If your team follows the Scrum framework, you’re probably familiar with all the 5 Scrum Ceremonies organized during a Sprint. Scrum offers a solid foundation for setting up these meetings, but in my experience there are a few things all project managers can do to make these Agile Ceremonies even more productive. This article is for those who want to learn everything about the timing of Scrum ceremonies.
Every Scrum ceremony has a clear purpose, and together, the Scrum events provide teams with a framework to set expectations, collaborate efficiently, and get their work done in a well-structured manner.
However, if you fail to manage the timing Scrum ceremonies properly, you risk they become an overwhelming presence in everyone’s calendar and lose the value that they’re intended to provide.
In this article, I share with you everything I learned about scheduling the Scrum ceremonies while working as a Project Manager on many software development projects.
Why is timing so important in Scrum ceremonies anyway?
After managing many projects and hundreds of Sprint Retrospectives, I can say with full certainty that the topic of organizing Scrum ceremonies comes back in every project we launch.
At Sunscrapers, we like to reflect on our practices regularly to see how they can be improved with every new project we launch. And the timing of Scrum ceremonies is one of the key elements that determine the progress and success of projects.
By paying attention to organizing Scrum ceremonies, you increase the productivity of teams, make the development process more transparent and predictable, and – ultimately – boost client satisfaction.
Coordinating Scrum ceremonies – why is it so difficult?
If Scrum ceremonies are part of a clear framework, why are so many teams and team leaders struggling to organize them so that they bring maximum efficiency?
Here are a few reasons:
- Every project is different, and the rules we set out for one project might not bring us the same value in another project.
- Every team member is different and has different needs or habits.
- Lack of consistency within the team.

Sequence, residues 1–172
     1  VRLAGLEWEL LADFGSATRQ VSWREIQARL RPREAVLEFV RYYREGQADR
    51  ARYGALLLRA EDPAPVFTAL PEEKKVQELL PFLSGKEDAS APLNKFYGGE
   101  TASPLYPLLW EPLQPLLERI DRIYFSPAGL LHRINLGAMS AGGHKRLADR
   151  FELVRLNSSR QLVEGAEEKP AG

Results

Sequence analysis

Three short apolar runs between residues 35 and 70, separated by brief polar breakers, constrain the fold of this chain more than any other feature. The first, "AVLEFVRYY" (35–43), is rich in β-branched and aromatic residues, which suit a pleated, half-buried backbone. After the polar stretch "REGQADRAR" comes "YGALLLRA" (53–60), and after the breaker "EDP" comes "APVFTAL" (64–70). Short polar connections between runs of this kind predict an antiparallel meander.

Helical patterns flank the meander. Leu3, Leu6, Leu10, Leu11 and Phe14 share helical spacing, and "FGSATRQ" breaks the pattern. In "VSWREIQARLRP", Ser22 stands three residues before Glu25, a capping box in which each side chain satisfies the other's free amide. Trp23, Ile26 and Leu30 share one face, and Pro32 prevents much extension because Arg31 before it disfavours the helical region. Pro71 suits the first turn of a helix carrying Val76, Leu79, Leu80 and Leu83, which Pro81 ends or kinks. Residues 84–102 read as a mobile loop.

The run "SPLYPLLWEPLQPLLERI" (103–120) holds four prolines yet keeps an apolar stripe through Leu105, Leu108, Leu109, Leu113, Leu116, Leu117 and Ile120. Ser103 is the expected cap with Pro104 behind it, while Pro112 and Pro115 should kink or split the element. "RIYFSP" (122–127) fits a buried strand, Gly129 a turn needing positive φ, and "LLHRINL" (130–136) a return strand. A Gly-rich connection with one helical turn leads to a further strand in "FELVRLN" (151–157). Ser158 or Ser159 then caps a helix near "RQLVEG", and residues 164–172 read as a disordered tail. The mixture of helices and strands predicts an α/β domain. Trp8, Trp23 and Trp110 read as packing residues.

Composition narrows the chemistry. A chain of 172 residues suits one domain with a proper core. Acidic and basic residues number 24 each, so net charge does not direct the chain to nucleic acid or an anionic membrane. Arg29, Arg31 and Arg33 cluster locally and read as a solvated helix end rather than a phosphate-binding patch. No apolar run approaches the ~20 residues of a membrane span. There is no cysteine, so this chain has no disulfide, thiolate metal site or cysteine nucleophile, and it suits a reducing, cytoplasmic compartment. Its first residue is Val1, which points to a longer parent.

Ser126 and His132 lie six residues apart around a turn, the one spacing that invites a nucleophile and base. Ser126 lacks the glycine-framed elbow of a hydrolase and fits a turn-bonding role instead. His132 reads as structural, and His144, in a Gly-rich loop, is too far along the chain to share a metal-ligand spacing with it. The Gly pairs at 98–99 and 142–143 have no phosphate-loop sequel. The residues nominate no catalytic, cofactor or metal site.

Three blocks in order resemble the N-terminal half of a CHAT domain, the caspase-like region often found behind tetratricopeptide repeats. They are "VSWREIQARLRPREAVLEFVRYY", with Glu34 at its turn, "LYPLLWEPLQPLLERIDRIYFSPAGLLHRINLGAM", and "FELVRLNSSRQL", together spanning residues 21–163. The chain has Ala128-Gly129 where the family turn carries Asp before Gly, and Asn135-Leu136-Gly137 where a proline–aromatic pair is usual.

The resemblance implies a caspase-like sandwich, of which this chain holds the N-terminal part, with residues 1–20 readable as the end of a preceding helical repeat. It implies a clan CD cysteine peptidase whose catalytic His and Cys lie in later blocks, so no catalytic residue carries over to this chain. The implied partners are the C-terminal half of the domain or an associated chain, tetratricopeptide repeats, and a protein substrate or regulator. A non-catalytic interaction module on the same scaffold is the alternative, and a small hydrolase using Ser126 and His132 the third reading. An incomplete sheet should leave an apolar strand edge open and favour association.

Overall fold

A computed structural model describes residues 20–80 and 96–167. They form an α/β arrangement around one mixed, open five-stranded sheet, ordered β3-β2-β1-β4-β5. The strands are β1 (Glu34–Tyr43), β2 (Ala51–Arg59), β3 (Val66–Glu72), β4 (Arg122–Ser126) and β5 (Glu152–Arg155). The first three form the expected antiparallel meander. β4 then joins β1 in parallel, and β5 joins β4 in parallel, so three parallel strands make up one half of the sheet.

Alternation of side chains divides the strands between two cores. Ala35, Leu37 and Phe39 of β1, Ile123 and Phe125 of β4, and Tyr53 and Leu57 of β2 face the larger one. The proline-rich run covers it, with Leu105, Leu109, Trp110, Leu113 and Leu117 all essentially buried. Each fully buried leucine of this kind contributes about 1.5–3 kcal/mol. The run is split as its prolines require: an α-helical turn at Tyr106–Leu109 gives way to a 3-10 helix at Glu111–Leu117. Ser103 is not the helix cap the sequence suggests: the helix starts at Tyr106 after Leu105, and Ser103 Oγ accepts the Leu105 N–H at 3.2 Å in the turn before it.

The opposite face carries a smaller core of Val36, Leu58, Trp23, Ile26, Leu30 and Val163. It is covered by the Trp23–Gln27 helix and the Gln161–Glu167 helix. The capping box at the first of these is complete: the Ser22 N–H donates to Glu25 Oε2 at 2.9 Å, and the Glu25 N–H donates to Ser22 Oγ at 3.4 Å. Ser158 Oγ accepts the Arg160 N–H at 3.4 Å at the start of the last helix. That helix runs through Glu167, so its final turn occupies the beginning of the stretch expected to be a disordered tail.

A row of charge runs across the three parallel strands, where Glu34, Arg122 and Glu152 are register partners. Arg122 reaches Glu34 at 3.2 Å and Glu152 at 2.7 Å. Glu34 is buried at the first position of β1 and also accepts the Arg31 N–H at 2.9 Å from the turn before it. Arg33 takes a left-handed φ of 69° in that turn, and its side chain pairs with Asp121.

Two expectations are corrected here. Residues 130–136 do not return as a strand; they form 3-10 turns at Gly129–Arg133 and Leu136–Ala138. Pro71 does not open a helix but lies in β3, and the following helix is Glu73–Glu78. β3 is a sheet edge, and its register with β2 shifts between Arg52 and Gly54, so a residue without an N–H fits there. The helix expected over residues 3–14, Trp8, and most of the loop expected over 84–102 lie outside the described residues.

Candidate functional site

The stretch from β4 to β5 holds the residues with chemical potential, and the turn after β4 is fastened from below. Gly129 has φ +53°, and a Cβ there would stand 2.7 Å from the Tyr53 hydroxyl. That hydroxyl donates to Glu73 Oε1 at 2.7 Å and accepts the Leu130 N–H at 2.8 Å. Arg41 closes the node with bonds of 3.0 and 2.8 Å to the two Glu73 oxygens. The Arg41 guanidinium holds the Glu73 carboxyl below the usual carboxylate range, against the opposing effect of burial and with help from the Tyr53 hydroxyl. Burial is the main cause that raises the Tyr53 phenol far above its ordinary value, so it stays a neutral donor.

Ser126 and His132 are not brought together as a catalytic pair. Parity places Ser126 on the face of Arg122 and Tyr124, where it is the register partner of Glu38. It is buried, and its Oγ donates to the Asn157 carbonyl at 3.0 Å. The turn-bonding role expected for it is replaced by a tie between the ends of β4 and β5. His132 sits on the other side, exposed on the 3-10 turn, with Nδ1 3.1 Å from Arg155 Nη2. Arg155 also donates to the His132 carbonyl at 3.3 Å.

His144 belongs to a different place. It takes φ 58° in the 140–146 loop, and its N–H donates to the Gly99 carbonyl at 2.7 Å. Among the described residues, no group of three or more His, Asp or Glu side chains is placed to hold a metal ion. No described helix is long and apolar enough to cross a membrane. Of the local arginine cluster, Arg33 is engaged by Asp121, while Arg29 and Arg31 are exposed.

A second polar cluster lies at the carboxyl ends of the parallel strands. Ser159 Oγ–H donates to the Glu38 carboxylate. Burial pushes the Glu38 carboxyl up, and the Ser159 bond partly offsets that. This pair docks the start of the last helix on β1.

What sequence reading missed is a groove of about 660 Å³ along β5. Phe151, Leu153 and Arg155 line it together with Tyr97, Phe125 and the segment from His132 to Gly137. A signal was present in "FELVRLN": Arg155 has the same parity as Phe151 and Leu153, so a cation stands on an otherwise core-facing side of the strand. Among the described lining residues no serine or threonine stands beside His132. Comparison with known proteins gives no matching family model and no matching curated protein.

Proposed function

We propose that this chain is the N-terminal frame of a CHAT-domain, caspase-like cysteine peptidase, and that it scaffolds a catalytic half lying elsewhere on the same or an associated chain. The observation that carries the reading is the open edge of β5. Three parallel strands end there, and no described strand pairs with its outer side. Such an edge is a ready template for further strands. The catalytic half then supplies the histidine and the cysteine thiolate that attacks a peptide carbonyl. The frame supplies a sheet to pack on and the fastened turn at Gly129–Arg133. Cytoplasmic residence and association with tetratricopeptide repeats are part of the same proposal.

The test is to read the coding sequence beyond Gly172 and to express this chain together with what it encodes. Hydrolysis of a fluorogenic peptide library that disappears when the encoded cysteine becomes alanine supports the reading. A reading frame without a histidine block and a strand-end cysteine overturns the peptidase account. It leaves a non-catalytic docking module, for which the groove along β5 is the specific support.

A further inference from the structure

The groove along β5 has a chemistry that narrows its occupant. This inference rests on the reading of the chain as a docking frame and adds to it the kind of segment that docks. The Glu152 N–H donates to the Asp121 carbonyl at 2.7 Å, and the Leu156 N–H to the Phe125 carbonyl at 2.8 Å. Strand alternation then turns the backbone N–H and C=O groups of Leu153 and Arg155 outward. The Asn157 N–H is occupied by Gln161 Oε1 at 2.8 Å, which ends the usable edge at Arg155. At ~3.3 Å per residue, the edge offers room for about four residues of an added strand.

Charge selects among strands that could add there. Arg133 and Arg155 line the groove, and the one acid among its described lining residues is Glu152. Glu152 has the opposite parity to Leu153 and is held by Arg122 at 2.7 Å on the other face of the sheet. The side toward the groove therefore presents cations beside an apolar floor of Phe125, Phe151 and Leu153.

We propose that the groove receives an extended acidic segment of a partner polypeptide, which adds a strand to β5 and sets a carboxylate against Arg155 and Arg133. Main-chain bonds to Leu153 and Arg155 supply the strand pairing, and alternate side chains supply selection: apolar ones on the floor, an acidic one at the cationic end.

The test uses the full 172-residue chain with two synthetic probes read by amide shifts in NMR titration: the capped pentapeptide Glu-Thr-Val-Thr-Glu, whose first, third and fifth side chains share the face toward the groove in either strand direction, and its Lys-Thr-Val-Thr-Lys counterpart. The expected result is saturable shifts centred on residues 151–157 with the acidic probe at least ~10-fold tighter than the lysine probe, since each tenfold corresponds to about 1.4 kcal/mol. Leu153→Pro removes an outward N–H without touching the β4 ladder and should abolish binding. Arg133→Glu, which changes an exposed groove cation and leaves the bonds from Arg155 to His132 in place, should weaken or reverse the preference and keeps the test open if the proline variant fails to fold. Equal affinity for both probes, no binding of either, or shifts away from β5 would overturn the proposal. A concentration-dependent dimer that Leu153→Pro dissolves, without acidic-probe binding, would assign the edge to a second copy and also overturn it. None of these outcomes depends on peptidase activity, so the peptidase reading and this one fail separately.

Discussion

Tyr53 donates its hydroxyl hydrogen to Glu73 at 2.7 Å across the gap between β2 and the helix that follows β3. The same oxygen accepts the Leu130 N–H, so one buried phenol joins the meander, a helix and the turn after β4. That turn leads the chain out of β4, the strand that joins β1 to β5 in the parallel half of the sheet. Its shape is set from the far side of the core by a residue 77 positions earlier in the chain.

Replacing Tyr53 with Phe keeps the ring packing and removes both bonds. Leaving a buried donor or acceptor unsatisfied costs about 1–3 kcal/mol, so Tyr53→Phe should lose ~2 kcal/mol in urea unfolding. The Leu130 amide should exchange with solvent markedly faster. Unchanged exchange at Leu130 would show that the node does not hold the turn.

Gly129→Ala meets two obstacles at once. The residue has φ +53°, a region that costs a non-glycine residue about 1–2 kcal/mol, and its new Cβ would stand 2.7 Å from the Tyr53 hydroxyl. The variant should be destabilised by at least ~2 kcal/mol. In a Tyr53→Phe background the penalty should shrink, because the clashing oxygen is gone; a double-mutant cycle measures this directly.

Note: Sometimes, following Scrum by the book is just impossible. The requirements and availability of the client may force us to adjust our timing or change the order of events. This is the main reason why we agree to changes too easily and forget about how various events are linked — for example, doing a retrospective after planning makes it impossible to implement the conclusions properly.
Even the best process doesn’t guarantee a seamless, unchanging flow. That’s because people usually don’t jump into the role of process guardians.
Now that you know why timing Scrum ceremonies go wrong, let’s start fixing it.
Scrum ceremonies – the basics of proper timing
For the purpose of this guide, I’m going to focus on the scenario of building MVP:
The Scrum ceremonies that are usually part of such projects are as follows:
- Sprint Retrospective,
- Backlog refinement.
How to set the dates for these ceremonies?
The most important factor for success here is consistency.
At Sunscrapers, we’ve tried many different solutions. Here’s an example scenario:
We carry out sprint planning every Wednesday and our sprint lasts 10 days. If sprint planning falls on a holiday, we may be tempted to move the meeting to the next day and still have a 10-day-long sprint. This is a mistake. That way, we end up meeting on a different day, which affects our routines and project flow negatives. That’s why it’s best to keep organizing events on the same days.